- 8-Minute Article
- Apr 18, 2023
Delaying Retirement Could Have Health and Financial Benefits
Technology is changing where and how people work and could make it easier to work past retirement age.
Updated: April 18, 2023
- How can working past the traditional retirement age benefit my retirement strategy?
- How is technology helping people work longer?
- Does working longer have health benefits?
Not everyone is ready to retire when they reach age 65. In fact, in one study, nearly 1 in 5 seniors said they planned to work past the age of 70, including 12% who said they never intend to stop working.1 Many people choose to work longer as part of their retirement strategy – giving them more time to save for retirement, helping them keep their minds sharp, and allowing them to maintain social interaction.
Number of Americans Working After Age 65 Expected to Increase
Source: Civilian labor force participation rate by age, sex, race, and ethnicity. U.S. Bureau of Labor Statistics, September 8, 2022.
While many current workers said they expected to retire at age 70 or older, only 7% reported retiring past the age of 70. Many retirees reported they actually retired between the ages of 60 and 64. More than one-third of people who retired earlier than planned said they did so because of a hardship, such as a health problem or disability.2
As financial professionals and their clients discuss a timeline as part of planning for retirement, it’s important to be open and honest about the role that health plays and whether it could prevent working longer from becoming a reality. Additionally, there are implications for retirement strategies if there is any gap in perceived retirement age versus actual retirement age. These implications include:
- Number of years someone has to save from their salary
- Impact on Social Security benefits
- Whether someone will receive employer-provided health insurance
- Impact on future pension payments
The good news for those who may want to work longer is that the nature of work is changing. Physically demanding jobs, such as those in manufacturing, traditionally became more difficult as workers aged. In the coming years, technology, an increased reliance on freelance and project-based work, and the increased acceptance of telecommuting could all benefit those interested in extending their careers or pursuing a new one as they near retirement age.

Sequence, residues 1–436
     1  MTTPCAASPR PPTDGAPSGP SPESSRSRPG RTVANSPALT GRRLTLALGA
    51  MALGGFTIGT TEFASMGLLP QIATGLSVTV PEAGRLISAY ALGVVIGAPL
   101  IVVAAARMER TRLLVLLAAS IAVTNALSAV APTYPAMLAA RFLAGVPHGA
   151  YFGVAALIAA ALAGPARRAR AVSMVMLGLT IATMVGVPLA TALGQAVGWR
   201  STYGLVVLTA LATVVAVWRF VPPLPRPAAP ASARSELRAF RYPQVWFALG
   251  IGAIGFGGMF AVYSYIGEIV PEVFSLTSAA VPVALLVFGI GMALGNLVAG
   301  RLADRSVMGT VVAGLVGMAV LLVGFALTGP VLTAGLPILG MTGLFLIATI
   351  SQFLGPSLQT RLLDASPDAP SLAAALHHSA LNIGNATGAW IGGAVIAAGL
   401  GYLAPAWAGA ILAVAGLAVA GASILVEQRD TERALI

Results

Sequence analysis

Technology Helps Make Working Longer a Realistic Path
As the economy shifts and relies more on technology, automation is expected to help businesses continue to streamline job tasks, which may aid older workers whose jobs will become less physically demanding. Data from the U.S. Bureau of Labor Statistics shows that the percentage of individuals who work beyond the traditional retirement age is steadily increasing.3
Gig Economy and Working From Home Trends Could Benefit Retirees
Due to the COVID-19 pandemic, the adoption of remote working policies driven by emerging communications technology increased.4 The pandemic showed that not only is working from home desirable for employees, but employers are becoming more comfortable with the concept. There are potential financial benefits for employers, which could save $11,000 per employee when employees work 2-3 days per week from home.4 Studies show that with less time spent commuting, employees tend to work more, increasing productivity. At the same time, employers need less office space to accommodate their workforce when employees are working virtually, and may be able to save on costs by leasing less space.4 Researchers expect that, due to the potential benefits for both employees and employers, about 30% of the post-pandemic workforce will work from home multiple days per week, compared to less than 5% who did so before the pandemic.5
Employees May Save Money by Working Virtually
Source: The Business Case for Remote Work. Global Workplace Analytics, 2021.
The potential increase in employees who work from home doesn’t necessarily account for the rise in the gig economy – full-time freelancers and contractors, those who choose to work part-time, or entrepreneurs working out of their homes.
The total number of gig economy employees reported by different institutions can vary because some estimates only count contractors for companies, potentially skipping freelancers, ride-share drivers, and many others. There’s also the question of whether someone working multiple jobs as opposed to choosing to work as a contractor should be counted. Some consultants have estimated that gig employees could make up 80% of the workforce by 2030.6